While some may look at the drastic loss of profit experienced by our local fitness facilities and see certain death, the dramatic decrease in earning potential is actually a silver lining for one gym owner.

Ali Popoff-Grympa has been in the fitness industry in Nelson for over fifteen years. Her gym, Power By You, was a CrossFit affiliate for nine years. A full spectrum offering was available at PBY, where you could, before the pandemic, take a group class at any time of the day from one of nearly a dozen staff members; you could get support for your post surgery rehabilitation, fine tune your nutritional needs or enjoy one on one training.

All of these offerings were facilitated by Popoff-Grympa, with the help of her staff. This meant working 16 hours a day at the gym, rising as early as 4am and being on the go until crashing in to bed a 10pm. It was a beast, she admits, a huge machine, constantly churning. And she was at the heart of it.

“Putting that much of yourself into a business is draining,” she reflects. “And I’ll never do it again. It is not appealing whatsoever.”

As we sat in the empty gym space on Front street, in the thirty minute cleaning slot scheduled in between classes, Popoff-Grypma mused about her journey to where she was at the start of the pandemic until now. “My business has come full circle, 100% I am back to the roots,” she told me as she described how her work life has changed during this pandemic. Things have certainly slowed down. Pre-pandemic, there were a lot of big projects within the gym that required her high level involvement and a whole team to execute. Now, though, it’s just Power By You. That’s the only thing she’s focussing on.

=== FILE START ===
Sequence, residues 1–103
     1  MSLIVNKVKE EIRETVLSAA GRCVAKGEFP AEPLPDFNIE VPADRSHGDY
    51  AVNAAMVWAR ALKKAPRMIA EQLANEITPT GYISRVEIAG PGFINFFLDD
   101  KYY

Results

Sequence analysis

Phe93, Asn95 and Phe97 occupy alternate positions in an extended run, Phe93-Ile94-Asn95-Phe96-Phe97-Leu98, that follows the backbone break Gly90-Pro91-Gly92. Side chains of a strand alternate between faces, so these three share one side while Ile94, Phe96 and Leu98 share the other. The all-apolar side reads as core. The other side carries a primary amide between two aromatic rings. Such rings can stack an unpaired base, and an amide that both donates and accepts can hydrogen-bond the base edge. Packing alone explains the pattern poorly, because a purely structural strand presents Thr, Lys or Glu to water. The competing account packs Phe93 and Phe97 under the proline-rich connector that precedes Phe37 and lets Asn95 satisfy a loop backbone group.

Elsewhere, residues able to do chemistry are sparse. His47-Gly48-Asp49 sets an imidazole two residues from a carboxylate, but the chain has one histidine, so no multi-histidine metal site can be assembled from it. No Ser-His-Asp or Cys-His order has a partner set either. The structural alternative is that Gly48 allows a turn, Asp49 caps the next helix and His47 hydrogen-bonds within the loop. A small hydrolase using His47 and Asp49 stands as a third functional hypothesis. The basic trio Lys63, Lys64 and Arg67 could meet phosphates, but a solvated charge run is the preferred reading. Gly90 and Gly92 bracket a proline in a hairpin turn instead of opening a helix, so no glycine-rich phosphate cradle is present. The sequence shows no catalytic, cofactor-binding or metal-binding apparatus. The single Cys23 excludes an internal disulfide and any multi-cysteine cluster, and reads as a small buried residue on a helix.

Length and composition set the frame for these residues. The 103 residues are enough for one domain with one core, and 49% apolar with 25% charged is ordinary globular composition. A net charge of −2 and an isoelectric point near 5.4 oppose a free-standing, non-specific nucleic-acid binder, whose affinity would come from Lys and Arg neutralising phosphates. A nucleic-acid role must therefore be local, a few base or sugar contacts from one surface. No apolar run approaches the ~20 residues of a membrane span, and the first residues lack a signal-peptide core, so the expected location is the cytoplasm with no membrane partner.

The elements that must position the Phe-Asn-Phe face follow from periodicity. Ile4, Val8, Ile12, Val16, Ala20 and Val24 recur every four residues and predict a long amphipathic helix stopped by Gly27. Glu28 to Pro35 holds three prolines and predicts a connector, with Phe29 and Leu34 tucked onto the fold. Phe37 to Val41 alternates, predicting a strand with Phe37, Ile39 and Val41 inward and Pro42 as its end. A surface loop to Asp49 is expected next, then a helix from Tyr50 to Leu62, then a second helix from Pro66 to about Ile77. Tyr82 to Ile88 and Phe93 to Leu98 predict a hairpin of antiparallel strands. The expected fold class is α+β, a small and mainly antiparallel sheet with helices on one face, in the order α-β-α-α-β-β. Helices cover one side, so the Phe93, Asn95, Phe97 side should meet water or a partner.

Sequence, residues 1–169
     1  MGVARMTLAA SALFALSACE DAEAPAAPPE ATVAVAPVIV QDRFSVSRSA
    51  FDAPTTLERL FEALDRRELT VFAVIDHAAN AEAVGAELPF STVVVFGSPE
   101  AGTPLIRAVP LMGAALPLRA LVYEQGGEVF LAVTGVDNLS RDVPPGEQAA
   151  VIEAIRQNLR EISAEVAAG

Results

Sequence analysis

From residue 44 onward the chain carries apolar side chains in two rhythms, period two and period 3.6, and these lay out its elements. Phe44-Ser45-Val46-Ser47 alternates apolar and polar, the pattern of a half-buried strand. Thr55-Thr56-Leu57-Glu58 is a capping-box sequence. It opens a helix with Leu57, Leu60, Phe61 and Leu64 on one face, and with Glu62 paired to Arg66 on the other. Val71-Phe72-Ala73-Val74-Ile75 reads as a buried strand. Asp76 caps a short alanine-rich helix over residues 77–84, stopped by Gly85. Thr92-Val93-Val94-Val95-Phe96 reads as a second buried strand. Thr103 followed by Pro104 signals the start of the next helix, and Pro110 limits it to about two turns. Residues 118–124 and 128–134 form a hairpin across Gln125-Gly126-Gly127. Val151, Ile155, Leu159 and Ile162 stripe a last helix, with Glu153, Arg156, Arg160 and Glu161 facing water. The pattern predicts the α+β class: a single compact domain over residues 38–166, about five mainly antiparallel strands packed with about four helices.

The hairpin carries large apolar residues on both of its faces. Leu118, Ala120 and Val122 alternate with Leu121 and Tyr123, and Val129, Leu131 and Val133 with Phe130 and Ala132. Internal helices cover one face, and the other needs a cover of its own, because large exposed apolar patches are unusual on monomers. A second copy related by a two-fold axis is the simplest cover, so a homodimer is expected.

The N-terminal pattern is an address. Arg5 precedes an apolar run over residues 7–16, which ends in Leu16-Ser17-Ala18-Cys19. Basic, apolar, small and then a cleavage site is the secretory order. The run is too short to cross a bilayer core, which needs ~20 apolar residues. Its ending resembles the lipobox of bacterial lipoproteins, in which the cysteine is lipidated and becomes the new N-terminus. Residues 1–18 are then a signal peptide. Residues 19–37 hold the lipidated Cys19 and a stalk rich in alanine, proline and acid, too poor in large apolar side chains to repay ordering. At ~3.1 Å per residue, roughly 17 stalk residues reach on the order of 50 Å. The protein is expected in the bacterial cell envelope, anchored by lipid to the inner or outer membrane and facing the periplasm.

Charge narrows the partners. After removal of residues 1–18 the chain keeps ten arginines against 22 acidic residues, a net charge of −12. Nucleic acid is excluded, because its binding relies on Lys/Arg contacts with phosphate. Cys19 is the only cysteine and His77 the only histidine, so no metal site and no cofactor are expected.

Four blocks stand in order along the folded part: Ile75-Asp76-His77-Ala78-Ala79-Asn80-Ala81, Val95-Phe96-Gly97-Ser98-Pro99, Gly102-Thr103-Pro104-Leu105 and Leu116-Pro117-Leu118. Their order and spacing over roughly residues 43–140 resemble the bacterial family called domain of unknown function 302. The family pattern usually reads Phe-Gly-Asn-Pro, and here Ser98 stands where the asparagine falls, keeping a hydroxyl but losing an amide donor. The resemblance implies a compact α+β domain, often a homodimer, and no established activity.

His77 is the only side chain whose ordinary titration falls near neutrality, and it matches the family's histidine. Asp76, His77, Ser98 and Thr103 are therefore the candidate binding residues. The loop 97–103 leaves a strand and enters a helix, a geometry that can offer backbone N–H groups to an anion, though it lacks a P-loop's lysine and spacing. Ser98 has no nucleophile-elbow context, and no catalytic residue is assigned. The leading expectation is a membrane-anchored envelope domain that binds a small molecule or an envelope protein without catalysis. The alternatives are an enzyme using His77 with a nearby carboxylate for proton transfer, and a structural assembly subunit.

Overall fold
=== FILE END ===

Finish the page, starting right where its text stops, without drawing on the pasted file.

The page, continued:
For PBY, the biggest impact with Covid19 was how much was lost within a matter of three days: there was money in the six figure range that had been invested in marketing; membership plummeted amidst the uncertainty of what a pandemic would dictate for the gym and there was the  payroll, all of it slashed to a third of what it had been, lost in matter of days. It meant that people lost their jobs, unfortunately, but that was the hand she was dealt and you won’t find Popoff-Grympa sitting on the curb with her head in her hands. Initially, the blow the pandemic shut down took to her ego was devastating.